To remember Joseph on his milestone birthday I organized a cancer fundraiser dinner at a local restaurant. 30 of our friends, students, and colleagues attended, and I raised $1300 that I donated to the American Cancer Society. In the end the dinner became more of a celebration of life than a sad event. Of course it was extremely hard for me, but at the same time it was also comforting to organize the fundraiser. I also bought a dozen red roses (we always gave each other roses on our birthdays and anniversaries) and opened a bottle of champagne with a few close friends and drank to his wonderful memory.

I intend to continue having a fundraiser for cancer every year to honor Joseph's memory. So many people know someone or have a family member who has/had cancer, so organizing a fundraiser for cancer is something many people want to take part in, and maybe will even help with organizing.

Also, I have established a memorial scholarship fund in Joseph's name. He was a professor of Philosophy and was one of the most beloved profs on our campus. By doing these things I feel that Joseph's legacy lives on and continues to touch the lives of others.

I can only wish you courage and strength as you face the first birthday of your beloved husband after his passing. Please know that I will hold you in my thoughts and will be sending you prayers and vibes of peace and healing. Hang in there!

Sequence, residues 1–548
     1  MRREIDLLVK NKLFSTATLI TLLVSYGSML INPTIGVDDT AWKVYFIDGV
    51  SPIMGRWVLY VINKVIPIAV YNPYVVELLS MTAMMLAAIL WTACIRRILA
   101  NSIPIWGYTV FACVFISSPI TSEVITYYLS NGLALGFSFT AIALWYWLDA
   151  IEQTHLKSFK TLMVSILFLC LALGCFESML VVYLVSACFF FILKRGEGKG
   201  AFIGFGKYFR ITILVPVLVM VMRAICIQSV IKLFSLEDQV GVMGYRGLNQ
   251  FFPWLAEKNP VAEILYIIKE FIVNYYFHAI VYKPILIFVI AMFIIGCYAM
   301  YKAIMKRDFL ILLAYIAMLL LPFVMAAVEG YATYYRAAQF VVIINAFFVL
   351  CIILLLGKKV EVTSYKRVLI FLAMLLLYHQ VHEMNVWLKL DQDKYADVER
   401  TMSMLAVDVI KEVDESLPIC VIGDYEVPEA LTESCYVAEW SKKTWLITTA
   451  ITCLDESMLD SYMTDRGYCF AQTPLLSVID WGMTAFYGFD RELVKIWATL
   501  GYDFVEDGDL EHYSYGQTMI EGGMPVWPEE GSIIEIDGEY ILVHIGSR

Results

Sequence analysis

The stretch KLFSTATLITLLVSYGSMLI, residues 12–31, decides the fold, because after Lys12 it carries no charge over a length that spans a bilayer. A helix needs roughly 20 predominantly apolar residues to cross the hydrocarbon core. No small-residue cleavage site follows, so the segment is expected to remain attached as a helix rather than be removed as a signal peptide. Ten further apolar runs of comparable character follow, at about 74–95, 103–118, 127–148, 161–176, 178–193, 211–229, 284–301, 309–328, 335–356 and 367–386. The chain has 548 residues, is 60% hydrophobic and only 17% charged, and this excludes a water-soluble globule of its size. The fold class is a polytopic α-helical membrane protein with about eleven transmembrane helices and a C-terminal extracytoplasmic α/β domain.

Chuck ...

My deepest condolences of the loss of your husband Larry.  We do understand your pain.  My husband Ernie died of pancreatic cancer April 27, 2011 in Hospice.  I wanted to stay with him all night long the afternoon he was admitted from hospital to Hospice.  He was adamant I didn't stay and I asked him 3 times as he was on medication for pain and I could see he was gasping for breath.  I asked him several times if he wanted oxygen and he refused each time.  Deep down I knew that he was soul weary and had given up and he had made his own decision to pass away on his terms. The hardest thing I ever had to do was give him permission to pass into a more peaceful place free of pain.  I do believe he was hanging on for me.  Like you, it still can haunt me every so often as to why he didn't want me there as we were so very close.  Now I have come to realize while some terminal people prefer family around many prefer to pass away alone and others unfortunately pass away far too suddenly.  I did study the dying process and there were different levels so whether you were there or not your beloved went so quickly he would not have known you were there or not.  Please don't let it eat away at you because I do believe for at least awhile they are right there with us to be sure we are getting stronger and able to stand on our own two feet going down this horrific road of grief.